Tonsillotomy - DRHC Dubai ENT Clinic


Tonsillotomy involves removing a part of the tonsil lymphoid tissue leaving the capsule intact. The technique is reminiscent of what was historically called guillotine tonsillectomy. Techniques include microdebrider, laser or most recent radiofrequency ablation (CoblationR).

The amount of tissue removed can be from just the lymphoid tissue up to the anterior tonsillar pillar to leaving a cuff of tonsil tissue lining the tonsillar fossa to taking the tissue all the way back to the capsule (sometimes called intracapsular tonsillectomy).

These techniques particularly Coblation tonsillotomy have only recently started being trialled. Earlier studies have used the technique when tonsils for example need to be debulked in young children with obstructive sleep apnea but it was thought it might be desirable to leave some functioning lymphoid tissue.

Some studies have already shown that recovery-related outcomes (days until pain-free, secondary hemorrhage rate) for intracapsular tonsillotomy were better than for total tonsillectomy in children with obstructive symptoms.

In some parts of the world such as Scandinavia, tonsillotomy has now become the most common operation performed for obstructive symptoms and has become more common than tonsillectomy.

The fact that the muscle is disturbed less than in tonsillectomy may explain why post-operative pain can be reduced.


Significant morbidity is associated with tonsillectomy. Post-tonsillectomy, sore throat is normal for at least 1 week, and on average return to school or work can take 1–2 weeks. Various articles have been written on the management of post-tonsillectomy pain.

Peri-operative complications:

If the mouth is opened too widely during the tonsillectomy operation, the patient may experience temporomandibular joint dysfunction. Dissection beyond pharyngeal musculature can lead to injury to the glossopharyngeal nerve and rarely the carotid sheath. Non-traumatic atlantoaxial subluxation (Grisel syndrome) can occur secondary to any inflammatory process in the neck.


Bleeding after tonsillectomy can be primary (within 24 hours after the operation) or secondary (after 24 hours until 2 weeks). The NPTA reported that the readmission rate for bleeding was 4.57%, with 1.44% requiring a return to theatre. The most likely explanation for secondary bleeding is infection with streptococcus in the granulating tonsil bed. Treatment depends on the severity and potential cause of the bleeding. Antibiotics are advised for secondary bleeding. Severe primary or secondary bleeds need to be controlled in theatre.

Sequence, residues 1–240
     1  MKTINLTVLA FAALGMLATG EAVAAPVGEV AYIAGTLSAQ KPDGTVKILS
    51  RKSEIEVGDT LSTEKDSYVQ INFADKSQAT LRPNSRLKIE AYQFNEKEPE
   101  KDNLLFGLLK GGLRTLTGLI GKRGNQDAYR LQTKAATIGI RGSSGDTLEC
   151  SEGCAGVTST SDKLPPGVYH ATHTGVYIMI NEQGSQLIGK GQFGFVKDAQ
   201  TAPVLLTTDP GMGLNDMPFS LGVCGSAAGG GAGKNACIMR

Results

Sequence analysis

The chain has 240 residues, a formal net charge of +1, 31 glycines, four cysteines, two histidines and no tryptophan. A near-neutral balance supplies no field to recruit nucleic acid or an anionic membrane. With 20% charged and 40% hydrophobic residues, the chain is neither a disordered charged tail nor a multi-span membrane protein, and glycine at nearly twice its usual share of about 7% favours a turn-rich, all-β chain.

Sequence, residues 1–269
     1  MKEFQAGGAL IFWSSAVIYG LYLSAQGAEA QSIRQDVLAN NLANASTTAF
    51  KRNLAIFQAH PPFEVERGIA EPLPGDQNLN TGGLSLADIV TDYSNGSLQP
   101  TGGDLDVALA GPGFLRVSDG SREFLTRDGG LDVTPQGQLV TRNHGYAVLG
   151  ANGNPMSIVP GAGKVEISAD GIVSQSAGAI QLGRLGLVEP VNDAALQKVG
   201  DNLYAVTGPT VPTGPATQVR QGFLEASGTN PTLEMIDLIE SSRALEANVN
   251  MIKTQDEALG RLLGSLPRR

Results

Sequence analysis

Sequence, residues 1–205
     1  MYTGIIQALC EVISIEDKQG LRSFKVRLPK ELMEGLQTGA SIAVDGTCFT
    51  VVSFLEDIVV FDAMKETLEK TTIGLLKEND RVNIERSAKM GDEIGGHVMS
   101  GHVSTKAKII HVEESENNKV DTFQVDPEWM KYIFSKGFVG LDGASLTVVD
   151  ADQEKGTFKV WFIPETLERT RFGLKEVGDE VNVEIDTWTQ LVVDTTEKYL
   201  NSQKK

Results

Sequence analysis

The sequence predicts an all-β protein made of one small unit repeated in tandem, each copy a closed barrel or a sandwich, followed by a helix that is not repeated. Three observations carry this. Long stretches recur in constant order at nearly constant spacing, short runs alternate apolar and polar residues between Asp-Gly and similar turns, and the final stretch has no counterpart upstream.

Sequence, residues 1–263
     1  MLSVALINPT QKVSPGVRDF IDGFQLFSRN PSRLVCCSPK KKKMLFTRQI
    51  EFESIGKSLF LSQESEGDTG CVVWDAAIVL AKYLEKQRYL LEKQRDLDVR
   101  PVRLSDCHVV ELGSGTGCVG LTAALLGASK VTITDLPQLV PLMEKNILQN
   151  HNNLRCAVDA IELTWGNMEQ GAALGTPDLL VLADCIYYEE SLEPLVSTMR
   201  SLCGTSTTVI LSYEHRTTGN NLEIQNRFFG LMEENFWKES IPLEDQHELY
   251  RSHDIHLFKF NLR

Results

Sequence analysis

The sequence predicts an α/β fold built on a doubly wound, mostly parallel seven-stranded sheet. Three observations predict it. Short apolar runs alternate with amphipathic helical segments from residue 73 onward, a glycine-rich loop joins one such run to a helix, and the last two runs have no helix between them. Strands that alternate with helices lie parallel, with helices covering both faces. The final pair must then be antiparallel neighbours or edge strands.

The first symptoms of post-tonsillectomy infection are fever and halitosis. Treatment should be administered according to the severity.

Peri - operative Management

Post-tonsillectomy morbidity can be minimized by skilled anaesthesia, analgesia and antiemetic and steroid treatments.

Anesthesia and Analgesia:

In the UK, the technique used by anesthetists is very variable. Total intravenous anesthesia with propofol and remifentanil leads to fast wake-up and propofol is a helpful antiemetic agent. Using inhalational agents for intubation obviates the need for muscle relaxants and speeds up the reversal process.

Adequate analgesia is important in the immediate postoperative period. Narcotics have a potent emetic effect and should be used with caution. Paracetamol is the drug of choice as it is safe and efficacious. Non-steroidal anti-inflammatory drugs (NSAIDs) have been shown to cause significantly less postoperative nausea and vomiting than narcotics. Also, concerns that the effect of these drugs on platelet adhesion might increase bleeding from the tonsil bed have been unfounded.

Recent guidelines have suggested that codeine should not be used in children after tonsillectomy. Also aspirin should not be used in children because of the risk of Reye syndrome. Studies have reported on injecting long- and short-acting local anaesthetic pre- or post-operatively into the tonsil beds. There is no current evidence to suggest any significant benefit from the use of these techniques.

Steroid treatment:

The use of pre-operative glucocorticoids has gained wide acceptance. A Cochrane review has shown that a single intravenous dose of dexamethasone was an effective and relatively safe treatment for reducing morbidity from pediatric tonsillectomy. Some more recent studies have confirmed that a single dose of dexamethasone at induction reduces the early incidence of nausea, vomiting, and level of pain postoperatively.

Post-op antibiotics:

Using antibiotics prophylactically after tonsillectomy has been looked at in various studies. A Cochrane review of these studies published in 2012 advocated against the routine use of antibiotics after tonsillectomy.

Day-case surgery:

Tonsillectomy as a day-case procedure is gaining popularity. The main reasons for patients to stay overnight are the risk of bleeding and associated morbidity from pain and vomiting. Day-case tonsillectomy in children has been demonstrated by numerous studies to be a safe alternative to surgery as an inpatient.

Recently a study has demonstrated the safety of adenotonsillectomy as a day-case procedure for children with mild obstructive sleep apnea in a tertiary unit.

Tonsillectomy surgical package is available via the following link - Tonsillectomy package


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